This is the set-up, the intro if you will, the reason for being. What follows is a detailed (and quite gripping) account of the lives of fighters beyond what those of us who watch the pay-per-views ever see. We only see the spectacle—the canned interviews, the bad-mouthing, the arriving at the ring, the flashing lights. Howley, as space-taker, observes the rights and rituals of practice, of dieting, of constant boredom and trouble with family and friends and the struggle to make it in the shadow world of small fights, away from what she capitalizes as Big Shows.
What Howley is looking for is the same thing that all fight fans are looking for, although she articulates the desire in a way I never could have twenty years ago, because I had not yet experienced the details of everyday life that so often drag us down and dull our senses. Bored with the academic world, Howley becomes an ardent supporter of the fight, often attacking (verbally) those who deny it without understanding it, explaining that the fight itself can allow us to escape the mundane affairs of our ordinary lives, to step outside ourselves and into the realm of phenomenon.
The irony here, one that Howley is fully aware of, is that while she is trying to escape the “limits of perception laid upon [her] by some ungenerous maker,” and reach a transcendence only the spectacle of the fight can bring, her observations become part of the ritual, without which there would be no rise. She spends long hours simply watching, sitting, waiting. She leaves her Ph.D. program. She refuses to return home, devoting all her time to taking space.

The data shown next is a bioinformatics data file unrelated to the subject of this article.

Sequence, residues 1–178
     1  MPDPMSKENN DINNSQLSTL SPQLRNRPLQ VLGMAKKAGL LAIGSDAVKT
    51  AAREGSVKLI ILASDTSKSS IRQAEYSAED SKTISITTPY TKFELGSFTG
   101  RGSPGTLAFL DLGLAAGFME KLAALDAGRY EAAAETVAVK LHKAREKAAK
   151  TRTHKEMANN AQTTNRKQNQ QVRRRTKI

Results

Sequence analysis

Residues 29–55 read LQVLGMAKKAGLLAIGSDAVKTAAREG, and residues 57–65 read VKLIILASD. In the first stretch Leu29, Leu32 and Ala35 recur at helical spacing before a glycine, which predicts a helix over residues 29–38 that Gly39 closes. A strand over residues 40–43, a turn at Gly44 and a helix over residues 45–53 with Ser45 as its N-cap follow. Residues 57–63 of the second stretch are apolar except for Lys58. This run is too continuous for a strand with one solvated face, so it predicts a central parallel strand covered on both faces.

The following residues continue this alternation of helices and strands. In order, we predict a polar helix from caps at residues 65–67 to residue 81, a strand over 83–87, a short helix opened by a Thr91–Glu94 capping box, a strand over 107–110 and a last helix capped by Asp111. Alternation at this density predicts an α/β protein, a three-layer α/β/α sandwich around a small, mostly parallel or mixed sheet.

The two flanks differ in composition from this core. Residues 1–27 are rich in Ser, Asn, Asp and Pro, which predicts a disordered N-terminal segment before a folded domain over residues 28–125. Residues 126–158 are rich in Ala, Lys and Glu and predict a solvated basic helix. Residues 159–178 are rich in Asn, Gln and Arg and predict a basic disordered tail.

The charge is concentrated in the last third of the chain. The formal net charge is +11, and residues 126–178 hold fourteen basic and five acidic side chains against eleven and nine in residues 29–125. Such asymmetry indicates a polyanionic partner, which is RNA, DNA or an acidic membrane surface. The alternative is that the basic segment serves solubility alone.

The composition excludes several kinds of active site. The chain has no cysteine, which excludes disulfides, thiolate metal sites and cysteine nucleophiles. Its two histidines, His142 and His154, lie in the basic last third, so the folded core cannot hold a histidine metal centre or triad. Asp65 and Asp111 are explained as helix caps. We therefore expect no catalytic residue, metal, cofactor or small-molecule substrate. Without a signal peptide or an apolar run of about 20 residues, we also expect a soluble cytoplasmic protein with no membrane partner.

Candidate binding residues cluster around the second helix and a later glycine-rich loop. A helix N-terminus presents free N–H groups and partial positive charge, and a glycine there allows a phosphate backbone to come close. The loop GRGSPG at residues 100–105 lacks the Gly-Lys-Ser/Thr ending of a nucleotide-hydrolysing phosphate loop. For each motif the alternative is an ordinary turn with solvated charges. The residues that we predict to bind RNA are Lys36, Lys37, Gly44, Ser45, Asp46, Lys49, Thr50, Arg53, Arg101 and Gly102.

And take space she does, though her rendering of what might be mundane moments are so stark-clear crisp that they are not mundane at all, but rather the moments that make us what we are, from Sean Huffman fighting not another opponent but fighting to see his child, to Erik Koch’s self-imposed exile from his fighting family. We move from hot, sweat-filled gymnasiums in Cedar Rapids to single cots in dark basements in Davenport; from air-filled January-cold arenas to the lights of Las Vegas. We move from Sean’s struggles to Erik’s enigmatic rise and chance at a title shot, hoping, along with Howley, to experience once again the phenomenon only the fight can bring.
In its darkest heart, Thrown is about three struggling artists (Howley included) trying to make it in a world that cares nothing about them, and will turn on them as quickly as the tendons can tear in a knee jerked sideways. But it is also about the waiting we do in the world, the longing and desire for some higher achievement, some greater understanding. We are always looking for the next fight.
Paul Crenshaw’s stories and essays have appeared or are forthcoming in Best American Essays, anthologies by W.W. Norton and Houghton Mifflin, Glimmer Train, Ecotone, North American Review and Brevity, among others. He teaches writing and literature at Elon University.